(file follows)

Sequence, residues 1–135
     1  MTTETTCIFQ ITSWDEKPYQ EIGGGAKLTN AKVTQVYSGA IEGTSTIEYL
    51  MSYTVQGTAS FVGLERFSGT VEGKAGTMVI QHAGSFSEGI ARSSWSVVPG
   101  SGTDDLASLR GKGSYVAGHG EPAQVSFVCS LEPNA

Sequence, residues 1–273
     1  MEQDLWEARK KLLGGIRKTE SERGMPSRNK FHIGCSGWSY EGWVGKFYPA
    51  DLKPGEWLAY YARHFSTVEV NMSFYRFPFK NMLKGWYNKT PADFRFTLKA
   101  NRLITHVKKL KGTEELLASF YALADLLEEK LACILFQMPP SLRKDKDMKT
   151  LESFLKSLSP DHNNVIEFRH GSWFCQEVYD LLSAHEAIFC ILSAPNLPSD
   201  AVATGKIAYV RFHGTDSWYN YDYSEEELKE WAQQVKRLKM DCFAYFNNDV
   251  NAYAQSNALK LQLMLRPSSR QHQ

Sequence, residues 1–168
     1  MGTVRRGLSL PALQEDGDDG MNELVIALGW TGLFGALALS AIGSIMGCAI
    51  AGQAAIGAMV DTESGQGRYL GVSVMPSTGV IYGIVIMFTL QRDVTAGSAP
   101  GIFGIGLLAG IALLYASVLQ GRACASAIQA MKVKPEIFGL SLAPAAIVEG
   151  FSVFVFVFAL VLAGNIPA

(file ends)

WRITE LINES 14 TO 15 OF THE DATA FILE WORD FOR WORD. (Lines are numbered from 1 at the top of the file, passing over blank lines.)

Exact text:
    51  AGQAAIGAMV DTESGQGRYL GVSVMPSTGV IYGIVIMFTL QRDVTAGSAP
   101  GIFGIGLLAG IALLYASVLQ GRACASAIQA MKVKPEIFGL SLAPAAIVEG